Park Loop Road opening
May 17, 2013: The entire Park Loop Road and all other paved roads in the park open today. All dirt roads in the park, including the Seal Cove Road, will open on June 3.
April 22, 2013: The Precipice, Orange and Black, Valley Cove, and Jordan Cliffs Trails are closed until further notice because of nesting peregrine falcons. All other trails in the park are open, whether accessible from the park or from state roads.
Hulls Cove Visitor Center
May 17, 2013: The visitor center will open on May 19 and will be open 9-5 every day. All park passes are available there. There is an accessible entrance at the back of the building for those who have trouble climbing stairs.
Carriage Road Management
Biking on the park carriage roads grew enormously in popularity in the 1980s thanks to the advent of the mountain bike. Complaints from visitors and residents about crowding and problem behaviors led the park to apply the Visitor Experience Resource Protection (VERP) framework, a carrying capacity planning process. Dr. Robert Manning of the University of Vermont conducted survey research on carriage road users from 1994 to 1996 to gather information to support the VERP process and carriage road management decisions. Journal articles covering this research are available.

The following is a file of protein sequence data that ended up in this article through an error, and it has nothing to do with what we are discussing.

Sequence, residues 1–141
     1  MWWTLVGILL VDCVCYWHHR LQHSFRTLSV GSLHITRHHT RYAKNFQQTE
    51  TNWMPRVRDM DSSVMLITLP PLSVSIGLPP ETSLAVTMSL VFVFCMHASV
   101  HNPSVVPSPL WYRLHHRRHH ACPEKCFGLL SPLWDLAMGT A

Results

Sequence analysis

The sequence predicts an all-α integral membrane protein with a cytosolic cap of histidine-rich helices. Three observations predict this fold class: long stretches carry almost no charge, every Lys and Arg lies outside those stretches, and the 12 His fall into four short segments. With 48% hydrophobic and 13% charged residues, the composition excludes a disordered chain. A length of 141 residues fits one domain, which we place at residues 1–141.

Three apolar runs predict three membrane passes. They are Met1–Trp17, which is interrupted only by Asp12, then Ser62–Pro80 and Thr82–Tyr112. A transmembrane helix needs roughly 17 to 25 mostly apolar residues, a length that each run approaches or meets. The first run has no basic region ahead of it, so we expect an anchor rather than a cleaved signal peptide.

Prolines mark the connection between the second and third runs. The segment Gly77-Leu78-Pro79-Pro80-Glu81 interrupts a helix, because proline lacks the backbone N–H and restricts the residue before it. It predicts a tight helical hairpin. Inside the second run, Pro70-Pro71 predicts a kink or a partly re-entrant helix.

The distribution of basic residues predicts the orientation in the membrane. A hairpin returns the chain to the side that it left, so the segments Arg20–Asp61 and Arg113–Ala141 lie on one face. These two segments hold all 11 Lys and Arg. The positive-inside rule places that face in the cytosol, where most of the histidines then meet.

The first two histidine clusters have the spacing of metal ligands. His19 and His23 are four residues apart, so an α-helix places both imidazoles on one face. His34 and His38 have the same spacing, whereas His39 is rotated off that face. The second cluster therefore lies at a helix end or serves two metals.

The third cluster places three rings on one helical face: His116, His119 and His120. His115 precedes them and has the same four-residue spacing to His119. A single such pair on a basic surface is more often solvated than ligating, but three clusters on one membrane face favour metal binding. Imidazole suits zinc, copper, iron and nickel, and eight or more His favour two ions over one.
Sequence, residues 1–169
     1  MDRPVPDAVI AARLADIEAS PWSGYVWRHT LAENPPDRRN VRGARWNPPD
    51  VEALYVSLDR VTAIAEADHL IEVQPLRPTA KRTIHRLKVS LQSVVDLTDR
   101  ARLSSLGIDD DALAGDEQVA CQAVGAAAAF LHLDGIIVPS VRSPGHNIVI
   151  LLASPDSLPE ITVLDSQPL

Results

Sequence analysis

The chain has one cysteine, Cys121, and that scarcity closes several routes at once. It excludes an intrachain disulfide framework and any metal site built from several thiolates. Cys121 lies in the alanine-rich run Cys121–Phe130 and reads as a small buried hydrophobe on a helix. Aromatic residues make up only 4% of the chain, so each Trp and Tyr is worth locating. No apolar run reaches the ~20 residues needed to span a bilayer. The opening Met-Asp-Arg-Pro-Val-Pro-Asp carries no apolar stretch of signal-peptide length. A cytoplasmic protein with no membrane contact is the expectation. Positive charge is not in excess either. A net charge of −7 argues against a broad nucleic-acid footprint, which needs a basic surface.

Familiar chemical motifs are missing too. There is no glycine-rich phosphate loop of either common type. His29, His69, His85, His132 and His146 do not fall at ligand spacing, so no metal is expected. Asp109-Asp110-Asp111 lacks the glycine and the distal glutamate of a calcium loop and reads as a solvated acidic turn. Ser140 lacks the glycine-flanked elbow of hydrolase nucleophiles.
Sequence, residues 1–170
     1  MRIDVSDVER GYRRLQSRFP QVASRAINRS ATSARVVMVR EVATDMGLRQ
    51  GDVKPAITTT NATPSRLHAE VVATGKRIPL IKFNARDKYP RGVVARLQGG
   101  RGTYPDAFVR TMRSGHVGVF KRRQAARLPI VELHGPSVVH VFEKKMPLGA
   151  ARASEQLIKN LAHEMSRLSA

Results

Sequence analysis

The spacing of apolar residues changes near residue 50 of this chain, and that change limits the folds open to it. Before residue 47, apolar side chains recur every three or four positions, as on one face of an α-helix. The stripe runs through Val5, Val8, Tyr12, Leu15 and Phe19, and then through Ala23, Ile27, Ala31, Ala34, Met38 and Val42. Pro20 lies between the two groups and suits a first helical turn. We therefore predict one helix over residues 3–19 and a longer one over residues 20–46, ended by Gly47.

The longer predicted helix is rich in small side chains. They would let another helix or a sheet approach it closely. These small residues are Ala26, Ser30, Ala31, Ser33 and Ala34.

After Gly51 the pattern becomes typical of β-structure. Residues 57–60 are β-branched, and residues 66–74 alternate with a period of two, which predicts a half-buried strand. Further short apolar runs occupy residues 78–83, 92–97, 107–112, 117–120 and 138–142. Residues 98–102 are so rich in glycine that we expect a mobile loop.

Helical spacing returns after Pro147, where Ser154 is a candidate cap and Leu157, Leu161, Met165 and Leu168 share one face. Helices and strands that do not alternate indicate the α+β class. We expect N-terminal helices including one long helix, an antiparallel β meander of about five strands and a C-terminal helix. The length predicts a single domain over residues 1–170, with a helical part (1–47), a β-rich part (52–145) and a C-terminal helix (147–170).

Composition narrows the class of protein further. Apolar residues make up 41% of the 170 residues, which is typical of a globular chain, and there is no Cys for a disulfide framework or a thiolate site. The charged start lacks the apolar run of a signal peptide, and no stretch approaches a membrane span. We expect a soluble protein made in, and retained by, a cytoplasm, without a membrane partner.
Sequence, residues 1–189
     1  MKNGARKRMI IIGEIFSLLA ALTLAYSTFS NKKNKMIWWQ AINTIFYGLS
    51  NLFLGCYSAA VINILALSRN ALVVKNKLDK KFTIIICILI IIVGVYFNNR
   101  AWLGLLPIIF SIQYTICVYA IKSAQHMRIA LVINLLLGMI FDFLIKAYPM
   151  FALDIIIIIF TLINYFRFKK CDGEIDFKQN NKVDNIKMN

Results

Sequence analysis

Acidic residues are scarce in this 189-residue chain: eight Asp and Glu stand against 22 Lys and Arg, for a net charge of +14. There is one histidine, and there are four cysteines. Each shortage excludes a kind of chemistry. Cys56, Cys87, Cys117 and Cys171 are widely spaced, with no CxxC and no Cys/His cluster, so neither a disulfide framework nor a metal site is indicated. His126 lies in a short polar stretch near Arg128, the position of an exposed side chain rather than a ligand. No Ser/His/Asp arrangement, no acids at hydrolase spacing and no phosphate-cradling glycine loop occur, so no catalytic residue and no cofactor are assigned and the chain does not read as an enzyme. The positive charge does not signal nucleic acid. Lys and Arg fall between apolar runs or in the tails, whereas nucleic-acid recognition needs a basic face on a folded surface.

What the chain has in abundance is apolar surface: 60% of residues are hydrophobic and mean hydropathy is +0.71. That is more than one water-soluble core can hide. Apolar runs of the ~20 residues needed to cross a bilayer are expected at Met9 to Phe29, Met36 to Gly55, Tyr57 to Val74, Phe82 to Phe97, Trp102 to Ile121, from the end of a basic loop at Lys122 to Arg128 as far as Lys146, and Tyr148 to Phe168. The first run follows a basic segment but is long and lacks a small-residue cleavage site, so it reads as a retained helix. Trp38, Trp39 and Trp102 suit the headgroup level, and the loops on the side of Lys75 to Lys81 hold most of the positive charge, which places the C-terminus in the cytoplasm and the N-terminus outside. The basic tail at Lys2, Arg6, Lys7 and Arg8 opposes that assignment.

A summary report covers the application of VERP, the research, and management decisions. Carriage road monitoring reports are also available from 1997-present. The 2006, 2007, and 2008 reports also illustrate data trends since 1997. Finally, a 2003 report describes the development of a new regression estimator for carriage road use, and a 2006 report describes our look at equestrian use.
Monitoring thus far indicates no violations of standards for crowding on the carriage roads. Carriage road visitation has been flat for the period 1995-2008. Data indicate some concerns regarding four problem behaviors. We reevaluated our indicators and standards for behaviors in 2006. The process and results of this are described in the 2006 monitoring report.
Did You Know?
Acadia National Park contains more than 120 miles of historic hiking trails. Many of these trails were established by local village improvement societies in the late 1800s and early 1900s. Today many of the historic features, such as stonework, are still visible.